Comparing 2 lists of stimuli - what test should I use?

#1
Hello :)

I am looking to find out whether 2 different lists of words I am using as stimuli are significantly different from each other, in terms of their length (in letters) and their frequency (i.e. how frequently they are used in the English language).
The words were pulled from a database that lists each word alongside its length and frequency. I am not sure how to test whether the 2 lists differ as no participants provided the the length nor frequency of the words, those things just *exist*. I have done statistical tests before but they have all been used to compare data that participants have provided, and I'm at a bit of a loss as to what to do here. At first I did a t-test for both length and frequency but quickly realised I didn't actually know what test to use, so I've scrapped that lol.

There is probably a simple answer to this but I can't get my head around it, any help would be really appreciated :p Thanks for reading!!
 

Karabiner

TS Contributor
#2
Not sure whether any test of significance would be necessary or at least useful here at all.
Why exactely are you interested in the comparison of the 2 lists?

With kind regards

Karabiner
 
#3
I'm testing whether reaction time to these words is different because of a separate characteristic that is different between the two lists. So I'm trying to experimentally control for other things such as their length and frequency i.e. they should not be significantly different between the two lists. :)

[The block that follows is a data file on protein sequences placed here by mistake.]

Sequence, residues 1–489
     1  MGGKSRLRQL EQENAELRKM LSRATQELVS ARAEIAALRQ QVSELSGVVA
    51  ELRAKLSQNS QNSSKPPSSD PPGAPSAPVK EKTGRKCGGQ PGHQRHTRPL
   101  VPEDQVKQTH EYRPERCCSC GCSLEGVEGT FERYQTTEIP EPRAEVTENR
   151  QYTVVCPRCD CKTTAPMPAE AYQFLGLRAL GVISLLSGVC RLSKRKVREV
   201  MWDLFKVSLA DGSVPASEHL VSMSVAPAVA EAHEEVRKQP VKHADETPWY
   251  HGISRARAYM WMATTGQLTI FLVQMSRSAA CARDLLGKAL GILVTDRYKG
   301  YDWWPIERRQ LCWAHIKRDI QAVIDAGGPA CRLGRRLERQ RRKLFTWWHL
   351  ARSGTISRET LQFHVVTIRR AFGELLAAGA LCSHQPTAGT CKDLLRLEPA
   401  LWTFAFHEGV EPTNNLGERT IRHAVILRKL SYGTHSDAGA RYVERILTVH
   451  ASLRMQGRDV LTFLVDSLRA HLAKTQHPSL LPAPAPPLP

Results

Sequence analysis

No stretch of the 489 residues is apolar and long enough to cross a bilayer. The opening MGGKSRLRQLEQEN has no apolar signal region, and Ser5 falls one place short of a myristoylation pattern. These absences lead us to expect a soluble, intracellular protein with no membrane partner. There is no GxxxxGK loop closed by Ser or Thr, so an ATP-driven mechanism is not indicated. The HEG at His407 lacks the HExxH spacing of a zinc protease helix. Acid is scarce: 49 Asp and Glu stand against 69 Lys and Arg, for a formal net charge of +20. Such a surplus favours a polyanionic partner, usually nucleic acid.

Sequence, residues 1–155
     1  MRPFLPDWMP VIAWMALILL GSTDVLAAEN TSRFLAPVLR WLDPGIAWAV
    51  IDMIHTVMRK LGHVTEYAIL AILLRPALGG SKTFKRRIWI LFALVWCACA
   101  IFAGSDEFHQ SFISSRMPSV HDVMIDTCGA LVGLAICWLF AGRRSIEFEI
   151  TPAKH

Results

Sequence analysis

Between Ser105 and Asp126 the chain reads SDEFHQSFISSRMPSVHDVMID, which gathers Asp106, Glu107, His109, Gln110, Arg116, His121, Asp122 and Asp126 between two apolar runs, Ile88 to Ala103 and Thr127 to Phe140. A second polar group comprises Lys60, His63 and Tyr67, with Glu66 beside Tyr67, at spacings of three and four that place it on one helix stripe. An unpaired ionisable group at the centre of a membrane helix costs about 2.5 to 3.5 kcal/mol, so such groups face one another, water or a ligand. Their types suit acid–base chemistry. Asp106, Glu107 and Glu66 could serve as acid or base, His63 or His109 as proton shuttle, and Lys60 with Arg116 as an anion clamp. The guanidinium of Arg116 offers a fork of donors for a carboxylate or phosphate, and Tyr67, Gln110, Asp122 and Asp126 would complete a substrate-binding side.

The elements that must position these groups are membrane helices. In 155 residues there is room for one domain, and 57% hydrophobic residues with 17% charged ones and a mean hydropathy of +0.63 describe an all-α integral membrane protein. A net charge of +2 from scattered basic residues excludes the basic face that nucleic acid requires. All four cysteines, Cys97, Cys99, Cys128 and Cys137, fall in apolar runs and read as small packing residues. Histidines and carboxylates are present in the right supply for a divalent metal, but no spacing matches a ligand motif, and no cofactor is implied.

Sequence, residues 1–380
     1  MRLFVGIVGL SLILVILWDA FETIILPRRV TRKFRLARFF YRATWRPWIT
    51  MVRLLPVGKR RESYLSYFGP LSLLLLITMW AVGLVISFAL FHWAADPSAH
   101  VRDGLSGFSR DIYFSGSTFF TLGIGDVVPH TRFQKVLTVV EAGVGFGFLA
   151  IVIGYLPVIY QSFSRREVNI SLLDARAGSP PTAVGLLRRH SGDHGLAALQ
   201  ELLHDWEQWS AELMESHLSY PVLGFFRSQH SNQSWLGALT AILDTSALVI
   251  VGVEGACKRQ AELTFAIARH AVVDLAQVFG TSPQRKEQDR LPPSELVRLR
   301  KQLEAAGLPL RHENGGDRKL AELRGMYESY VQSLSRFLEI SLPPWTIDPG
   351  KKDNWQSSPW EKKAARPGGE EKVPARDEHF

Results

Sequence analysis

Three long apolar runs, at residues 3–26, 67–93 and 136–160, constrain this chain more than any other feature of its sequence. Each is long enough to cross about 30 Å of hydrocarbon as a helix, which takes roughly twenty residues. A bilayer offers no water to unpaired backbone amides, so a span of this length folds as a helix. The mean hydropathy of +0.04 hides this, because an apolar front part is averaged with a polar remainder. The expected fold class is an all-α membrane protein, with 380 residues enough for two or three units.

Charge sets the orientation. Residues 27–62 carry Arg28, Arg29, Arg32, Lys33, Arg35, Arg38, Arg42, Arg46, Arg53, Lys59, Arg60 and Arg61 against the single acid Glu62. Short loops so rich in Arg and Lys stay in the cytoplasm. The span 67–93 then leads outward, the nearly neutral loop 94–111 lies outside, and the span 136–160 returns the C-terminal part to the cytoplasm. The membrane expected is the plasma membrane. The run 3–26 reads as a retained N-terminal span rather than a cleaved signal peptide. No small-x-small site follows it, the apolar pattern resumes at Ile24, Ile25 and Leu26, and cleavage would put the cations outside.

Karabiner

TS Contributor
#4
If it is about your experimental procedure, then tests of statistical significance are useless.
Statistical significance does not tell you whether differences are "significant" in the sense of
"important" or "influential". You are not interested in the statistical null hypothesis (e.g. "in the
population of words from which my words were sampled, the mean length between lists
differs 0.0000000000..."). Rather, you are interested in whether in your actual experiment
there are marked differences which could influence results. A significant result won't tell you
whether the difference between your samples was large enough to bias the experiment.
A non-significant result , on the other hand, could be due to small sample size and would
not protect you from bias (but I don't know whether you want to compare word lists with
just a few words, or maybe very long lists). You'll have to judge whether the differences
are meaningful by using the descriptive statistics.

With kind regards

Karabiner